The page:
Rural Montana in the 1890s and early 1900s was a microcosm that reflected the changes and struggles going on in the United States as the country dealt with its changing identity, economy and worldview. Montana was also one of the last states to be homesteaded and experienced a very fast change in technology and growth because of this.
With the influx of settlers during the Homestead Acts, the population of Montana grew by the thousands. Homesteaders bought up land sold by the railroads, helping pay for the Great Northern Railroad, which connected St. Paul to Seattle, and began settling what was previously open range and cattle land. This sparked a conflict in the area between the cattle drivers and the homesteaders and resulted in a continuation of the range wars that were seen in other parts of the newly developing west.
The advent of electricity caused a soaring demand for copper, which was already playing a big part in Montana's history with its many mining communities and its "Copper Kings" Marcus Daly and W.A. Clark. The mines in Butte and Anaconda brought the area much wealth and growth in population. This growth was similar to what was happening across the country in other large cities and urban centers with the focus moving from rural farming to industrial trade.
Because Montana was one of the last states to be homesteaded it saw one of the fastest changes of all the states. The population has always been diverse and wide ranging. Large numbers of German, Irish, Slavic, Italian and Scandinavian populations arrived between 1890 and 1910. Large numbers of Chinese immigrants also came to Montana and populated the copper mining communities before the turn of the century.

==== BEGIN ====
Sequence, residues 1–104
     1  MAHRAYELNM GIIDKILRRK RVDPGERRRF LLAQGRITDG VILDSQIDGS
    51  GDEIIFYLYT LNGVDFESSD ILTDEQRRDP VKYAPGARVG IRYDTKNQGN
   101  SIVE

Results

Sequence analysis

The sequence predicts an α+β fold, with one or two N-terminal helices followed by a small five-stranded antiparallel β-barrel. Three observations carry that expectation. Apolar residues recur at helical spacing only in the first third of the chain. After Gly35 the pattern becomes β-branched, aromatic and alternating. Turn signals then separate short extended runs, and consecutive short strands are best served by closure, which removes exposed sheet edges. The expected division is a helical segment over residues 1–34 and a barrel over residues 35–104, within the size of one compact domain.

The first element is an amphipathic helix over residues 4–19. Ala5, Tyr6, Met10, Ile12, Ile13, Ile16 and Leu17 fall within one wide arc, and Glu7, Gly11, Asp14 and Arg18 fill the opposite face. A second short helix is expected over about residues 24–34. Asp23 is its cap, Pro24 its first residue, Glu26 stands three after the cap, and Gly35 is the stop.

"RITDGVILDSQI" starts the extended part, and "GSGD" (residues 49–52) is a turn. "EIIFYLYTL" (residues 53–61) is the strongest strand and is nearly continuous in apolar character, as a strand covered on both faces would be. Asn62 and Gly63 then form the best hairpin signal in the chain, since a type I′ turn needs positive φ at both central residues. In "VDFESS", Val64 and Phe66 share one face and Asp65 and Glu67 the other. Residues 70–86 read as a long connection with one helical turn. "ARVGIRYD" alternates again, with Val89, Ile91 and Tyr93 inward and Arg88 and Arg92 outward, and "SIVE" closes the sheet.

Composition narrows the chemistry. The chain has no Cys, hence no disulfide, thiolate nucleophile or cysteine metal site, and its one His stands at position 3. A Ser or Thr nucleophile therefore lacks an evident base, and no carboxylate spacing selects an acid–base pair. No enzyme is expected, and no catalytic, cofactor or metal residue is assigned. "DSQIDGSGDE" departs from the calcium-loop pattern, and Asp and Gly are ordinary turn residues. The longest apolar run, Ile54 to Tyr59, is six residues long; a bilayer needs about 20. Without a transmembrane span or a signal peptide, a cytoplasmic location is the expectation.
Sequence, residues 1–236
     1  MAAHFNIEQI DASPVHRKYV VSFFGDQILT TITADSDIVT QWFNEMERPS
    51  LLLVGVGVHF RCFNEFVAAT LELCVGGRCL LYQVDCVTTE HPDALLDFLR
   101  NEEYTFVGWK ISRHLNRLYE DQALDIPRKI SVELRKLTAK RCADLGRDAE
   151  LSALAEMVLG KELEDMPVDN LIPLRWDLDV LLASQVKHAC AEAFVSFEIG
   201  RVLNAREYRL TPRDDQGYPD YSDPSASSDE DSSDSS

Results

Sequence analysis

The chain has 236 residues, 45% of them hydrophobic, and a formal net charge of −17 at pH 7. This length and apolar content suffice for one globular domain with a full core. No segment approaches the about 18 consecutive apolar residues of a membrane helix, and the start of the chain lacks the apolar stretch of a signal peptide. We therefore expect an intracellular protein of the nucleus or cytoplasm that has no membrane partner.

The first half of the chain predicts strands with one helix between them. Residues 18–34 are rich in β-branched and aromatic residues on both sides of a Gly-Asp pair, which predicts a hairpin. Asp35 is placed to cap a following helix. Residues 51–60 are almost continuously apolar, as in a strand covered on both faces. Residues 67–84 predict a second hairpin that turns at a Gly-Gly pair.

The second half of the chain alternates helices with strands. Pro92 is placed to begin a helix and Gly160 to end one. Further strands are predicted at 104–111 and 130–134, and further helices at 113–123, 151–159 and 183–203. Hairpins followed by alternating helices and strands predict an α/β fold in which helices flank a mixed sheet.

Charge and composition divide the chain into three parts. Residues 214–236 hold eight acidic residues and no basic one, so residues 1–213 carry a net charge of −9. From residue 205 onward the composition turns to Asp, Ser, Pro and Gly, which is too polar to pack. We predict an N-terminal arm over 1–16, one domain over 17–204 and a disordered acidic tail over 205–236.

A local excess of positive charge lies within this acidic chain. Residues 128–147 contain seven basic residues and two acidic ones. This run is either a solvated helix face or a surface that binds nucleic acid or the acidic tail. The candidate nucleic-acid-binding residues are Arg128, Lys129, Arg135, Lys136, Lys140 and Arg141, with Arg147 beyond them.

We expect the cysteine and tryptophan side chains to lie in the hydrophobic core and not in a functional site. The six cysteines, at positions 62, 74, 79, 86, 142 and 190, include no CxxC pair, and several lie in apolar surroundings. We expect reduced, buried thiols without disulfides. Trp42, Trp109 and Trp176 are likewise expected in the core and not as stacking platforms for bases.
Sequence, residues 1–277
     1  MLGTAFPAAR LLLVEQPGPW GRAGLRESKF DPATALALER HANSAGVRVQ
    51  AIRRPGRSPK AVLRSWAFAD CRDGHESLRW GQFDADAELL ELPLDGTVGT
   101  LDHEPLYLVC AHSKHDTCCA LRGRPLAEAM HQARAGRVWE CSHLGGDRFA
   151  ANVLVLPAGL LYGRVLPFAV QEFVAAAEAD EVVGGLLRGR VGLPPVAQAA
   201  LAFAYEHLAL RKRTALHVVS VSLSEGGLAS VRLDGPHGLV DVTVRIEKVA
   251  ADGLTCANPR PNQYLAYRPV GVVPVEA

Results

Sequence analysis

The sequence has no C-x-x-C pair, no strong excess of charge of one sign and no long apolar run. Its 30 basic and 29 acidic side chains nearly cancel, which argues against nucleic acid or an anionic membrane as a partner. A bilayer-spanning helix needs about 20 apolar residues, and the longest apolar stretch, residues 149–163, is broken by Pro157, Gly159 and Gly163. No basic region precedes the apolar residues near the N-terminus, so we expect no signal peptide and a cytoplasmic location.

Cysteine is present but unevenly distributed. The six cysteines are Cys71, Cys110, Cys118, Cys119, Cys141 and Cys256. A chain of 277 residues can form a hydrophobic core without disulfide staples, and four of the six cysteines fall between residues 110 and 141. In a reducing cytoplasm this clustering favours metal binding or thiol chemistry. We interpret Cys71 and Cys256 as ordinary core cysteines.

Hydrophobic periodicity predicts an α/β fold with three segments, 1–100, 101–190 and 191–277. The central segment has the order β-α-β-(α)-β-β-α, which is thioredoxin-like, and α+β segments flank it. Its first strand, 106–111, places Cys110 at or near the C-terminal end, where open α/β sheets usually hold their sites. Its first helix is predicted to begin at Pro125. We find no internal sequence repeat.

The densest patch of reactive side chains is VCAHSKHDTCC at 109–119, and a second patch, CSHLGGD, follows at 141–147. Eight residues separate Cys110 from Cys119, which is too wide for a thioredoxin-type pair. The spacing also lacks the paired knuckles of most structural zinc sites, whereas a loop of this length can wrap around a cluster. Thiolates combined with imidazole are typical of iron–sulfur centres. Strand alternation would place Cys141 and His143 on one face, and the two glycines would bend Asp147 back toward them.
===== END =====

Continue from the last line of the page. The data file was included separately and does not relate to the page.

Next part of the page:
Many of the homesteaders were not just farmers but doctors, lawyers, teachers and entrepreneurs. Often whole extended families would travel out to collect plots of land to farm and prove up, including many women homesteaders.
Jeannette Rankin, the first woman to be elected to the US Congress, voted against the entry of the United States to World War I, a view that was held by many American at a time when the country was struggling with the debate of isolationism versus a broader world view. This struggle was something that many Montanans were conflicted about and reflected the bigger question of whether or not the country should go to war overseas for a conflict it was not directly involved with.
Montana has always been a mixture of political views, people and ideals. It has always been a balance of isolated independence and progressive growth. Its rich and diverse history is a reflection of the changes and turmoil the United States and the world was going through.